When you have identified where you might want to work it can often be worthwhile to make a speculative approach if there is no position advertised. Small organisations – and sometimes even quite large ones – may not have the people or other resources to advertise and manage ‘recruitment’ but instead rely on who they know and their networks to help them attract new talent. Moreover, in some sectors you will be expected to be proactive and make the first approach to organisations that interest you. See our sector pages for more details.

Podcasts about Other Sectors

An Actors Life For Me

Thinking about acting, drama and theatre? This talk includes speakers from two prominent drama schools and one theatre. The focus will be on acting but it’s also a great opportunity to hear from a theatre manager about hiring actors and other related roles in theatre. We’re delighted to be joined by Mountview, ALRA and The Royal Central School of Speech and Drama.

This information was last updated on 20 November 2017.
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Recent blogs about Other sectors

Researcher and DPhil Workshops in 8th Week

Posted on behalf of Rachel Bray. Blogged by Lili Pickett-Palmer on November 22, 2017.


Too Late to Change Direction? Career Transitions for Researchers

  • When: Tuesday 28 November, 9:30– 12:30
  • Where: Careers Service
  • Booking: To reserve a place, please go to CareerConnect

In this workshop we will explore our understanding of the pros and cons of staying in academic research, whether and how we can move to another sector (or combine aspects of academia with another role) and what we feel we might be risking in making this move.

In small groups, we will then

  • become familiar with an evidence-informed framework for assessing a potential career move,
  • think about how to use this in our current roles,
  • develop some practical strategies to assist decision-making.

Oxford Brookes Law Fair & GDL Event

Blogged by Juliet Tomlinson on November 21, 2017.

The Oxford Brookes Law Fair is open to all law and non law students from the University of Oxford.  It is taking place in the Forum at the John Henry Brookes Building, Oxford Brookes on Tuesday 28 November at 17.30-19.00. As in previous years, a range of regional law firms and barristers’ chambers have been invited. Firms attending include Blake Morgan, Brethertons, BrookStreet des Roches, Knights Professional Services and Royds Withy King.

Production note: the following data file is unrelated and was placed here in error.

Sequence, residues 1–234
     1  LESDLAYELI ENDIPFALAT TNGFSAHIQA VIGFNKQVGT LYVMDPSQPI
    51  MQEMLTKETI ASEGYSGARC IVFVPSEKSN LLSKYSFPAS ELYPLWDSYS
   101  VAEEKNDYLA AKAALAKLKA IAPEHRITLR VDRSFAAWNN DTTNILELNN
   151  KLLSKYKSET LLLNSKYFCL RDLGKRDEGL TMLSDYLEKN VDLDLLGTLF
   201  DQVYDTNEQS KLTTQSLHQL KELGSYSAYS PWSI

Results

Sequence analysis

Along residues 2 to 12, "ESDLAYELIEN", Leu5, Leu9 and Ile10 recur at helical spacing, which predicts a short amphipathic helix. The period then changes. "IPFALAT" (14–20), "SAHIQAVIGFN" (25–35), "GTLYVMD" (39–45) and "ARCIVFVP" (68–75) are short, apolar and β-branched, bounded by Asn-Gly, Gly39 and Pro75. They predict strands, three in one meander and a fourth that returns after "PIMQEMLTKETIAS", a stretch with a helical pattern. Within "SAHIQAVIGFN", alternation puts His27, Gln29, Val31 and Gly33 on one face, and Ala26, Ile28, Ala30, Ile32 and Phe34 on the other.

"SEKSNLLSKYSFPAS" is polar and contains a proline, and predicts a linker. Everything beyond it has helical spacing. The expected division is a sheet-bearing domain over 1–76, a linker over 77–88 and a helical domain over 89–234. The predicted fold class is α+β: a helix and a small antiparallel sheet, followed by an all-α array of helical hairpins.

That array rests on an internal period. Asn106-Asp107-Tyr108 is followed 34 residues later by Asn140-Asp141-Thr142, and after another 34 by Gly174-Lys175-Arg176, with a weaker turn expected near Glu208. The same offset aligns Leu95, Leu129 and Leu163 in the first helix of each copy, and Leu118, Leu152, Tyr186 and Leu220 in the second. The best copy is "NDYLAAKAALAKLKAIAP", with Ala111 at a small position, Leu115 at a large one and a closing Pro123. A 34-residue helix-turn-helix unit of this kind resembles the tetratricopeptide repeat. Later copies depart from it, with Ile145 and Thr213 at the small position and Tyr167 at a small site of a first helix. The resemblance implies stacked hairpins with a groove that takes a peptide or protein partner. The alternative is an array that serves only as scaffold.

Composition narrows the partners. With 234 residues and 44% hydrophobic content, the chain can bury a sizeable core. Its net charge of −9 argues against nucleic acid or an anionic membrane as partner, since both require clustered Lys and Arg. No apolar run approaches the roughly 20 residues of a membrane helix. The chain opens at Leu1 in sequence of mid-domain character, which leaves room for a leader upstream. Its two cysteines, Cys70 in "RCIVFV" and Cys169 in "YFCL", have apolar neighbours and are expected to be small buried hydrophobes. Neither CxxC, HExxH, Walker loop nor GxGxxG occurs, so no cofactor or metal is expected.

Those interested in attending should register as soon as possible at Oxford Brookes Law Fair 2017.

GDL Open Evening, Tuesday 28 November, 16.30-19.30

The Oxford Brookes’  GDL Open Evening is running alongside the Law Fair. Those who are interested in attending the GDL Open Evening should register separately at GDL Open Evening.

How will real estate be used differently in 10 years’ time?

Posted on behalf of Oxford Real Estate Society. Blogged by Polly Metcalfe on November 16, 2017.

The Oxford Real Estate Society invites entries for its 2018 essay competition. The topic is “How will real estate be used differently in 10 years’ time?”. Entrants are invited to submit an initial proposal of c.100 words by 31 Jan 2018. These will be reviewed and a group of entrants will be selected to expand their synopsis into an essay of 800-1000 words, due for submission by 28 Feb 2018. The winning entry will receive £1,000 and the opportunity to present the key ideas of their essay at the 2018 OxRES Conference. Students of all disciplines and backgrounds are encouraged to apply and no previous real estate experience is required. For further information please email